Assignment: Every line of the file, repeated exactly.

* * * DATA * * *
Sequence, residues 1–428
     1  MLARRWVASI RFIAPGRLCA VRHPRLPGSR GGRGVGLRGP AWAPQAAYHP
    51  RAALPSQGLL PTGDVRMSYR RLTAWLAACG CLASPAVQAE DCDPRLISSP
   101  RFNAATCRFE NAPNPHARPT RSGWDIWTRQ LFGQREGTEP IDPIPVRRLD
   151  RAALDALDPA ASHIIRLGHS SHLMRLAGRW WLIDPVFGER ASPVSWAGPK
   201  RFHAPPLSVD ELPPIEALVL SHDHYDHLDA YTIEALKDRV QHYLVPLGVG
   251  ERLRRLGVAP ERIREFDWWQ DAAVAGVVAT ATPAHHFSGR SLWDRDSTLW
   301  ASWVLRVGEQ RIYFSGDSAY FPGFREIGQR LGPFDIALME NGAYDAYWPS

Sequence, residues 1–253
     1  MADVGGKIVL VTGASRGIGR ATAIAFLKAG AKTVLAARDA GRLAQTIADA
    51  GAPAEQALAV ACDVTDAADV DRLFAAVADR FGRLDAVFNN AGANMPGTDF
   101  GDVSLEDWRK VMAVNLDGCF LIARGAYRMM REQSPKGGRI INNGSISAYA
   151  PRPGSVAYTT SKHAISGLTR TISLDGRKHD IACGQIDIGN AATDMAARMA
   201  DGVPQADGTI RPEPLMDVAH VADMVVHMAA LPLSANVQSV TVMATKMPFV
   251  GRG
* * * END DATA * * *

Sequence, residues 1–428
     1  MLARRWVASI RFIAPGRLCA VRHPRLPGSR GGRGVGLRGP AWAPQAAYHP
    51  RAALPSQGLL PTGDVRMSYR RLTAWLAACG CLASPAVQAE DCDPRLISSP
   101  RFNAATCRFE NAPNPHARPT RSGWDIWTRQ LFGQREGTEP IDPIPVRRLD
   151  RAALDALDPA ASHIIRLGHS SHLMRLAGRW WLIDPVFGER ASPVSWAGPK
   201  RFHAPPLSVD ELPPIEALVL SHDHYDHLDA YTIEALKDRV QHYLVPLGVG
   251  ERLRRLGVAP ERIREFDWWQ DAAVAGVVAT ATPAHHFSGR SLWDRDSTLW
   301  ASWVLRVGEQ RIYFSGDSAY FPGFREIGQR LGPFDIALME NGAYDAYWPS

Sequence, residues 1–253
     1  MADVGGKIVL VTGASRGIGR ATAIAFLKAG AKTVLAARDA GRLAQTIADA
    51  GAPAEQALAV ACDVTDAADV DRLFAAVADR FGRLDAVFNN AGANMPGTDF
   101  GDVSLEDWRK VMAVNLDGCF LIARGAYRMM REQSPKGGRI INNGSISAYA
   151  PRPGSVAYTT SKHAISGLTR TISLDGRKHD IACGQIDIGN AATDMAARMA
   201  DGVPQADGTI RPEPLMDVAH VADMVVHMAA LPLSANVQSV TVMATKMPFV
   251  GRG